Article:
The ideal place to learn a second language is the country where it's spoken. For Mandarin Chinese, that means either Mainland China or Taiwan. Mandarin is also spoken in Malaysia and Singapore, where it is one of several official languages.
Because of the thriving business climate, most people opt for Mainland China to learn Mandarin Chinese. Taiwan is a better choice for traditionalists, though, as it is the maintainer of Chinese arts that were persecuted during the Mainland's cultural revolution. Taiwan continues the use of the older Chinese characters, whereas the Mainland has adopted simplified characters. There are also differences between the two countries in the spoken language.
Living In Mandarin Chinese
If decide that Mainland China is your destination for learning Mandarin, Chinese 24/7 is the ideal guidebook for learning and living. It is intended for those who are living in China, offering tips and suggestions about life in Mainland China and how to navigate common topics of conversation such as greetings, asking about family, buying tickets or meals.
Due to its localized emphasis, I would recommend this book only to those who are living in Mainland China. If you are studying Mandarin in the USA or Europe, there are other textbooks and learning resources that would be better suited than Chinese 24/7.
The title of Chinese 24/7 says it all. It is intended for those who are surrounded by Mandarin 24/7, and as such, is not a good choice for short visits to China, where phrasebooks and tourist guides can provide the limited Mandarin needed to get around.
That said, Chinese 24/7 could be useful as a supplement to other Mandarin textbooks, as it contains many explanations about the language that are not found in other materials. For example, the pronunciation sections can be very helpful for clarifying the various sounds of Mandarin Chinese, such as the difference between shui and xue.
The cultural references and explanations are very useful for those living in Mainland China, and may help the Westerner achieve a better understanding of the people he or she comes in contact with on a daily basis. Since the author draws on his own experience living in China, he is able to anticipate many of the linguistic and cultural problems that confront the Westerner learner.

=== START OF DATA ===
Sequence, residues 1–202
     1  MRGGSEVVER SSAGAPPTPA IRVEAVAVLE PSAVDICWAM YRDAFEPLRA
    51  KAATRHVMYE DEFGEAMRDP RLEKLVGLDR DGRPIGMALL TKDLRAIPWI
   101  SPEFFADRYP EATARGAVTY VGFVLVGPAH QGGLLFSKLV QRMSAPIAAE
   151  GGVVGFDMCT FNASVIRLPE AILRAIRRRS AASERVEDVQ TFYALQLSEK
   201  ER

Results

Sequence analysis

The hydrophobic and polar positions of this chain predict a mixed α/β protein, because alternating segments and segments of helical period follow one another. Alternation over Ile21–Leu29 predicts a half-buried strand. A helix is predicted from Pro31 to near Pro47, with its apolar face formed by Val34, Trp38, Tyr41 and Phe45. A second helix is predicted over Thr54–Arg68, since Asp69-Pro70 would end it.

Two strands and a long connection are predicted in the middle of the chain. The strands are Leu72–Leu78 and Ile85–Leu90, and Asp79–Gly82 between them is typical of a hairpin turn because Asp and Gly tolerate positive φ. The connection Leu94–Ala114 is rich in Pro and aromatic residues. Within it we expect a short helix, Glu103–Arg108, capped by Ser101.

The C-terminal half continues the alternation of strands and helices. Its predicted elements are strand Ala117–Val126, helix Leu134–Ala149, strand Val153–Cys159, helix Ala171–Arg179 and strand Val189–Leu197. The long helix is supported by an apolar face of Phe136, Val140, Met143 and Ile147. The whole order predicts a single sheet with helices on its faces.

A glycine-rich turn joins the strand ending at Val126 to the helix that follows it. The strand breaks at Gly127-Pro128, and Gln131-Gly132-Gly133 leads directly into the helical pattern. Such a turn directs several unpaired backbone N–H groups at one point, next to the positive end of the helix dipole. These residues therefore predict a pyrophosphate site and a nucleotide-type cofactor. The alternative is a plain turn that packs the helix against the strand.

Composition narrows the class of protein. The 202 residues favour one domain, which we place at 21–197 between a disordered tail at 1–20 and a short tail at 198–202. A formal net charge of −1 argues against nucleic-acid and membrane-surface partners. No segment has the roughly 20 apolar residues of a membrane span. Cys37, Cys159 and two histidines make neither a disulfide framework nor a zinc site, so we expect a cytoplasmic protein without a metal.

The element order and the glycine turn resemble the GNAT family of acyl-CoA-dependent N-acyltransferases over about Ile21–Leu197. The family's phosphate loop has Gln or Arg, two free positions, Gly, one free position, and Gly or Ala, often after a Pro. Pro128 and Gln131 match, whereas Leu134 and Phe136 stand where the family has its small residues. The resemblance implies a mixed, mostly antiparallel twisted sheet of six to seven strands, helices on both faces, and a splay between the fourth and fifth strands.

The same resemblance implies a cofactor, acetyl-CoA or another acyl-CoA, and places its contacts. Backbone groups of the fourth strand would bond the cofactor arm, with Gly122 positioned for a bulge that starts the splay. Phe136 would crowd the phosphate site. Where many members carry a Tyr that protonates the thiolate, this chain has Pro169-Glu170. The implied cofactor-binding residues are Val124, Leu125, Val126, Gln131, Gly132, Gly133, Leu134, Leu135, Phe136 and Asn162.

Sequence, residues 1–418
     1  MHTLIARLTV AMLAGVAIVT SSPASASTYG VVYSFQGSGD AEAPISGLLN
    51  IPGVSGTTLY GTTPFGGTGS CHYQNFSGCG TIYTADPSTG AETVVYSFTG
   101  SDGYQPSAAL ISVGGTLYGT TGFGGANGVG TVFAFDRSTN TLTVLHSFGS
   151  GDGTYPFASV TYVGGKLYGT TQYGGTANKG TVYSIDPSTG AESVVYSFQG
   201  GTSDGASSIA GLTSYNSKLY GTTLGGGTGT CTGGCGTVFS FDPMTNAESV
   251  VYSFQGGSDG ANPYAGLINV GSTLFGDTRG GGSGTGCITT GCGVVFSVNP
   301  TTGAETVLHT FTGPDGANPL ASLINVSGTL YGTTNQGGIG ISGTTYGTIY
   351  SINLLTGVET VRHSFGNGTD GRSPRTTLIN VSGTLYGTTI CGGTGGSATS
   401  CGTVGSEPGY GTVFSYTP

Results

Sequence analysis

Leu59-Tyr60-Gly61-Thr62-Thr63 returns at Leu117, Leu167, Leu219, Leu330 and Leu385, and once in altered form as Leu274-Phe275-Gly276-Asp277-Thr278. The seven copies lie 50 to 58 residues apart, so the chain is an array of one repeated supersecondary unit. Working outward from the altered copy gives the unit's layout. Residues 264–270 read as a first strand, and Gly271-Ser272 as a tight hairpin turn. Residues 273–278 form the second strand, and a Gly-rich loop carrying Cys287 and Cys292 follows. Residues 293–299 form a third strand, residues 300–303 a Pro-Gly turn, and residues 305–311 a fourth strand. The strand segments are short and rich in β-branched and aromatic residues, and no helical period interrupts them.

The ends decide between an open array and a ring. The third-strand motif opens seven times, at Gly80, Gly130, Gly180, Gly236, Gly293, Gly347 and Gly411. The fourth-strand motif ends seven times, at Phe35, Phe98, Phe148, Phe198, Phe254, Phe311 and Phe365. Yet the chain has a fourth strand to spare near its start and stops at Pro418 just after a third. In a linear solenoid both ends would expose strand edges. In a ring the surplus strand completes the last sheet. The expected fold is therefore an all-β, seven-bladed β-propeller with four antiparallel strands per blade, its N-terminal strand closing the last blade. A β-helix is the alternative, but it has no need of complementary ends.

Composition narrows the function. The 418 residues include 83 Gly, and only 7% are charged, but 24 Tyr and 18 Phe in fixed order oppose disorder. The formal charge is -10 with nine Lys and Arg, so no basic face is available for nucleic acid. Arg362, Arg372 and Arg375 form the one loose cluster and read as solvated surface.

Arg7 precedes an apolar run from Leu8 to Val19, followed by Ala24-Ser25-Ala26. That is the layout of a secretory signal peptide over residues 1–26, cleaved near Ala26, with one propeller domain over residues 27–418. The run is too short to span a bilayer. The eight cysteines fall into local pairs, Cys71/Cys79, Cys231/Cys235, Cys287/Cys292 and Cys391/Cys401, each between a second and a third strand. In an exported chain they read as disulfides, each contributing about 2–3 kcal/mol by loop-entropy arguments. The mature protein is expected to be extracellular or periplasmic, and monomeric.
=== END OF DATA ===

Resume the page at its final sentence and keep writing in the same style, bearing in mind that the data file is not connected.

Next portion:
As would be expected from any book about Mandarin, Chinese 24/7 covers the basics such as tones, word order, common vocabulary and phrase for various situations. There are associated recordings available on the author's website.
Chinese 24/7 focuses on spoken Mandarin, with very little instruction about reading and writing Chinese characters. A section of the book called "Ditch Hanzi" explains the author's reasoning: by focusing on speaking and listening, you are following the natural order of language acquisition. Once you have a basic knowledge of the spoken language, the study of Chinese characters come more easily.
The vocabulary and phrases reflect the colloquial usage of Mandarin in China, presented in a breezy conversational tone. Chinese 24/7 is highly practical, and aims to get learners using the language immediately.
The strengths of Chinese 24/7 are also its limitations. As a guide for those living in Mainland China, it offers a lot of practical information for daily living. However, much of this information is not needed by those who are studying Mandarin in the USA or Europe. Chinese 24/7 makes a useful supplement to other materials, but should not be used on its own as a self-instruction text.
The author of Chinese 24/7 recognizes this, and includes a list of other learning materials such as dictionaries, audio material, and websites.